In past years, the area also experienced a deadly school shooting: On Dec. 7, 2017, a 21-year-old armed with a handgun entered a high school in Aztec, just outside of Farmington, where he shot and killed two students before killing himself.

Aztec Mayor Michael Padilla Sr. Nadav Soroker/Searchlight New Mexico

The fatal rampage 

Then came May 15. On that day, an 18-year-old former member of the high school wrestling team — a senior who was on track to graduate the next day — shot and killed Gwendolyn Schofield, 97; her daughter, Melody Ivie, 73; and Shirley Voita, 79. He also injured two police officers: Sgt. Rachel Discenza with the Farmington police and Officer Andreas Stamatiadis with the New Mexico State Police. Farmington police indicated that untreated mental illness may have been a factor in the incident. Police shot and killed the 18-year-old at the scene.

The Farmington tri-city area includes Aztec and Bloomfield, and their elected leaders speak in a unified front, defending civic strides while lamenting the national plague of gun violence.

Aztec’s mayor, Michael Padilla Sr., described it as a distinctly American problem — attributable to an erosion of family values in the home and in schools. The only solution to gun violence, he said, lies with “the guy upstairs.”

But Padilla also recalled the fraught and infamous days of 1974, when three white Farmington High School students tortured and killed three Navajo men in a canyon near town. The teenagers bashed in their faces, set off firecrackers in their noses and on their genitals, and beat them to death. The murders, which drew national attention, came to be known as the Chokecherry Massacre.

Children lead a Navajo protest through Farmington in the wake of the horrific Chokecherry Massacre of 1974. Courtesy of The Bob Fitch Photography Archive at Stanford University Libraries

The atrocity triggered protests by thousands of Navajo and other Indigenous peoples, who marched on Main Street, demanding change. Padilla, who then worked as a salesman for a Farmington car dealership, recalled that his boss instituted a new policy amid the backlash: Do not leave a Navajo customer and a white employee alone together.

Duane “Chili” Yazzie, a former Navajo Nation Shiprock chapter president, was instrumental in organizing the protests. He once dubbed Farmington “the Selma, Alabama, of the Southwest.” Yazzie himself experienced one of the hate crimes of the time — in the late 1970s, he lost his right arm after being shot by a white hitchhiker.

“Racial discrimination has always been prevalent between the Farmington folks and our people,” said Yazzie. Proof of this was vividly laid out in “The Farmington Report,” a nearly 200-page investigation into the Chokecherry Massacre by the New Mexico Advisory Committee to the U.S. Commission on Civil Rights.

“Farmington really made deliberate efforts to try to educate the city folks” after 1974, said Yazzie, who was a key player in a 2005 civil rights follow-up report. “But there’s always going to be that bad apple.”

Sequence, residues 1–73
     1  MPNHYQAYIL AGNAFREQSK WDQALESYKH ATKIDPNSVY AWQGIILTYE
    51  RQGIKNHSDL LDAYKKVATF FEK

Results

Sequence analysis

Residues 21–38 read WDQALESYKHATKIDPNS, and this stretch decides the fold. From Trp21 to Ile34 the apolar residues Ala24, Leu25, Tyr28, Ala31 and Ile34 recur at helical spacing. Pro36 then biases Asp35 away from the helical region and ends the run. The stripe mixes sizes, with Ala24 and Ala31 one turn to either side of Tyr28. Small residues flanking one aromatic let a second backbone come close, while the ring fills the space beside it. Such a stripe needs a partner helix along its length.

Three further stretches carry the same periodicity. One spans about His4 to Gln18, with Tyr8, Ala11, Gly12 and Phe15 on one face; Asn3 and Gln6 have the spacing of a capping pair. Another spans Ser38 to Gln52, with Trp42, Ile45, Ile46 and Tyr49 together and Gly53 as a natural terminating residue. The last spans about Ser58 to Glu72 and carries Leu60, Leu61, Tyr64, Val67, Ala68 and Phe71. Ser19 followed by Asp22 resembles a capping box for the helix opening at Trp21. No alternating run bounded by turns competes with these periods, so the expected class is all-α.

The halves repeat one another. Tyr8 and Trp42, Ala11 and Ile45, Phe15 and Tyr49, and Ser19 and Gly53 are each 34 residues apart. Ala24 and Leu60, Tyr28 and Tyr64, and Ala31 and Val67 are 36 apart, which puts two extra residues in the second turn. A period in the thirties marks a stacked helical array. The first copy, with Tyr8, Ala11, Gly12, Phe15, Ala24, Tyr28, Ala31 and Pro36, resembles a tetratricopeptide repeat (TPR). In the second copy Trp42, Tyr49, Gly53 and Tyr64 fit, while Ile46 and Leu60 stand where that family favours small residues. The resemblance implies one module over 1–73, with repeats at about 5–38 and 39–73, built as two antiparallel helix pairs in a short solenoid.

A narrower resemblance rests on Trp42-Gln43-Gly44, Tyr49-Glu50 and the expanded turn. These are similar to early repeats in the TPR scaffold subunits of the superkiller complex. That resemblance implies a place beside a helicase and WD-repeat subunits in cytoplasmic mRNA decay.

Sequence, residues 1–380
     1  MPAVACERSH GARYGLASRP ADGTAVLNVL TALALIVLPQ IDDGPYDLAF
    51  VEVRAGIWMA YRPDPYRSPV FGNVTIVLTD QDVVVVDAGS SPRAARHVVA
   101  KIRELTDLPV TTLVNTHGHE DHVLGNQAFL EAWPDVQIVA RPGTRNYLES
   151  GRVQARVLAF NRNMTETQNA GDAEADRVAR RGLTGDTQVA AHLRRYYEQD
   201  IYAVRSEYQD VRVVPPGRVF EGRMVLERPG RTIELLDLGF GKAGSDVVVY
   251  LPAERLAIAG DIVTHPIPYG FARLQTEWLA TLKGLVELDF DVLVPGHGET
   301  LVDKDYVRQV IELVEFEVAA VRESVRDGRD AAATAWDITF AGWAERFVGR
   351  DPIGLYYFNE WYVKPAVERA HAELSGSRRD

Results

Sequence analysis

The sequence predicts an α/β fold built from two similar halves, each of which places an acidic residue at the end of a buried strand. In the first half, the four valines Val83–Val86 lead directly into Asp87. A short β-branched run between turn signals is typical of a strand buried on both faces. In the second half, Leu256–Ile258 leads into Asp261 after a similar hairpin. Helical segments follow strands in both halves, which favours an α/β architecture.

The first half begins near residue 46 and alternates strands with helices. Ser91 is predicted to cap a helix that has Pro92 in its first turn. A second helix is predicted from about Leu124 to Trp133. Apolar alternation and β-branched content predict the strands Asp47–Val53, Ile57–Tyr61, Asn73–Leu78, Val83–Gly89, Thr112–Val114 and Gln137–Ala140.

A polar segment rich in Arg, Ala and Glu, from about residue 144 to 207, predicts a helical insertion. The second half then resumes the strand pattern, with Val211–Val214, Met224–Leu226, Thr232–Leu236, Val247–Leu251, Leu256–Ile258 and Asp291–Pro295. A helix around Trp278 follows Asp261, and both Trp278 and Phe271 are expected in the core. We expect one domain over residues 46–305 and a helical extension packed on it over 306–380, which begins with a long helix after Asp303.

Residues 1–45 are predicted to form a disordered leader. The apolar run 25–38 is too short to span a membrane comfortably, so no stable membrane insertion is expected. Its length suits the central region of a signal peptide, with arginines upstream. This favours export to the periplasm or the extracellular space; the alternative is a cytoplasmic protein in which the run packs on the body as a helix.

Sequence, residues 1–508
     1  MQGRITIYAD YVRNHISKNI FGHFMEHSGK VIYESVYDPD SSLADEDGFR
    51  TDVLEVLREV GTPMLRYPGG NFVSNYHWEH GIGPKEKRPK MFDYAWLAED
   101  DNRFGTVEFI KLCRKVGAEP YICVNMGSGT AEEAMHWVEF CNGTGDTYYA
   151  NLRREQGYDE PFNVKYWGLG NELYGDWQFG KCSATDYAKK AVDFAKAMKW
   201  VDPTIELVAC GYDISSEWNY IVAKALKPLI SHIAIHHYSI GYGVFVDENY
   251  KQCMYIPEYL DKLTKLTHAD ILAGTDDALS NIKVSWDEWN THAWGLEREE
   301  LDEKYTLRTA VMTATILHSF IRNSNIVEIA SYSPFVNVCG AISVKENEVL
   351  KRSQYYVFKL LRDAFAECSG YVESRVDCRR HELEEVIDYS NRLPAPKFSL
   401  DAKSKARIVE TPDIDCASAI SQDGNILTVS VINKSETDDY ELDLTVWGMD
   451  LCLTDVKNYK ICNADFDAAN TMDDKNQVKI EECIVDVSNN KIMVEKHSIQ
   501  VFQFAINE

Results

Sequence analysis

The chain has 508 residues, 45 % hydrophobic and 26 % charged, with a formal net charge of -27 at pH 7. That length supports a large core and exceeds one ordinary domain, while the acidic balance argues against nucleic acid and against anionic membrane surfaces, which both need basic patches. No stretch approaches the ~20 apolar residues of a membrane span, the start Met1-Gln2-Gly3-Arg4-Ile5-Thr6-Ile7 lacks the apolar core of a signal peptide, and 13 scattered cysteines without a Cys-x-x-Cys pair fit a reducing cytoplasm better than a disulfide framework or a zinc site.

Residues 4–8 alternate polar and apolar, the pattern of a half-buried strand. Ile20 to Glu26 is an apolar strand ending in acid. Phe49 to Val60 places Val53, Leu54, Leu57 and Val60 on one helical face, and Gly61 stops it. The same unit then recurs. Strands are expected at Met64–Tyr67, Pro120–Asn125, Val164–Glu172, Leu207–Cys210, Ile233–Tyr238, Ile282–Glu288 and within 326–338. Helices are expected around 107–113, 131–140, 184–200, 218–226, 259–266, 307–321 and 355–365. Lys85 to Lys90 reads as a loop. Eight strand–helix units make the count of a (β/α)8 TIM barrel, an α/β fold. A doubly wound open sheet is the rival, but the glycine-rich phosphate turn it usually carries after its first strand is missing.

Others say the city’s past is still all too present. Jennifer Nez Denetdale, the chair of American Studies at the University of New Mexico, said she generally dislikes going to Farmington because of what she calls a climate of “structural violence.” In “Red Nation Rising: From Bordertown Violence to Native Liberation,” the 2021 book she co-authored, Denetdale characterized Farmington as one of many “white-dominated towns and cities” that border tribal lands.

Duane “Chili” Yazzie, a longtime Navajo activist, crouches in an alfalfa field on his property north of Shiprock. Nadav Soroker/Searchlight New Mexico

Today, according to Yazzie, life in Farmington has significantly improved — in part due to the dwindling number of itinerant oil and gas workers, who are associated, nationally, with violence. 

In 2021, a century after the first commercial natural gas well was struck in the San Juan Basin, oil and gas experts said they faced the “worst downturn in the San Juan Basin’s history.” Other energy jobs in the region have also been shed: In 2020, the Escalante Generating Station in McKinley County abruptly shut down, years ahead of its planned decommission. And in 2022, the San Juan Generating Station went offline, part of New Mexico’s Energy Transition Act. The state has set aside $12 million to help the community’s displaced workers. 

Here, and on the Navajo Nation, people have felt the squeeze, as jobs that once anchored the economy packed up and left town, leaving workers across the remote Four Corners region without incomes or a livelihood.

Faith a fortification

The region may have lost its economic mooring, but another ballast, religion, remains strong. Farmington is home to dozens of churches, soon to include New Mexico’s second temple for the Church of Jesus Christ of Latter-day Saints.